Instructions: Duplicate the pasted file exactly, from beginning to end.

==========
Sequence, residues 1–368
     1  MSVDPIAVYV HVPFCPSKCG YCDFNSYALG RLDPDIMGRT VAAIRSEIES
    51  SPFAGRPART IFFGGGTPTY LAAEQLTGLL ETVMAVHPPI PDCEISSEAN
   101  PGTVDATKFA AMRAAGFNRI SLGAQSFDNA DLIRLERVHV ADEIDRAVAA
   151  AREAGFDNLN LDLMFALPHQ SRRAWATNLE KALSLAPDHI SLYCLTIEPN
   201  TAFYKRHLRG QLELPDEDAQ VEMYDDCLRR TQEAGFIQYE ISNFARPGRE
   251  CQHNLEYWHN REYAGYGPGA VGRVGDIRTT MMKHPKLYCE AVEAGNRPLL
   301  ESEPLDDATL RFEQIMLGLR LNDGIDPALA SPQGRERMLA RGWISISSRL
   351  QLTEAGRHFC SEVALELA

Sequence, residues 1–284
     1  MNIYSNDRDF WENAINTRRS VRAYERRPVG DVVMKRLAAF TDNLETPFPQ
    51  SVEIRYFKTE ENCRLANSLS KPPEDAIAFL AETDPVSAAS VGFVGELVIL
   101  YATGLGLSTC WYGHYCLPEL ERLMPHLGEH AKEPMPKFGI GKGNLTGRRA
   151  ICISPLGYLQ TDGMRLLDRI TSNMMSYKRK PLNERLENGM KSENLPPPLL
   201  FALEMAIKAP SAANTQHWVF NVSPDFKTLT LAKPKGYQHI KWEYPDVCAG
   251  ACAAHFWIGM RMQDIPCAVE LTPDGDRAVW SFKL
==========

Sequence, residues 1–368
     1  MSVDPIAVYV HVPFCPSKCG YCDFNSYALG RLDPDIMGRT VAAIRSEIES
    51  SPFAGRPART IFFGGGTPTY LAAEQLTGLL ETVMAVHPPI PDCEISSEAN
   101  PGTVDATKFA AMRAAGFNRI SLGAQSFDNA DLIRLERVHV ADEIDRAVAA
   151  AREAGFDNLN LDLMFALPHQ SRRAWATNLE KALSLAPDHI SLYCLTIEPN
   201  TAFYKRHLRG QLELPDEDAQ VEMYDDCLRR TQEAGFIQYE ISNFARPGRE
   251  CQHNLEYWHN REYAGYGPGA VGRVGDIRTT MMKHPKLYCE AVEAGNRPLL
   301  ESEPLDDATL RFEQIMLGLR LNDGIDPALA SPQGRERMLA RGWISISSRL
   351  QLTEAGRHFC SEVALELA

Sequence, residues 1–284
     1  MNIYSNDRDF WENAINTRRS VRAYERRPVG DVVMKRLAAF TDNLETPFPQ
    51  SVEIRYFKTE ENCRLANSLS KPPEDAIAFL AETDPVSAAS VGFVGELVIL
   101  YATGLGLSTC WYGHYCLPEL ERLMPHLGEH AKEPMPKFGI GKGNLTGRRA
   151  ICISPLGYLQ TDGMRLLDRI TSNMMSYKRK PLNERLENGM KSENLPPPLL
   201  FALEMAIKAP SAANTQHWVF NVSPDFKTLT LAKPKGYQHI KWEYPDVCAG
   251  ACAAHFWIGM RMQDIPCAVE LTPDGDRAVW SFKL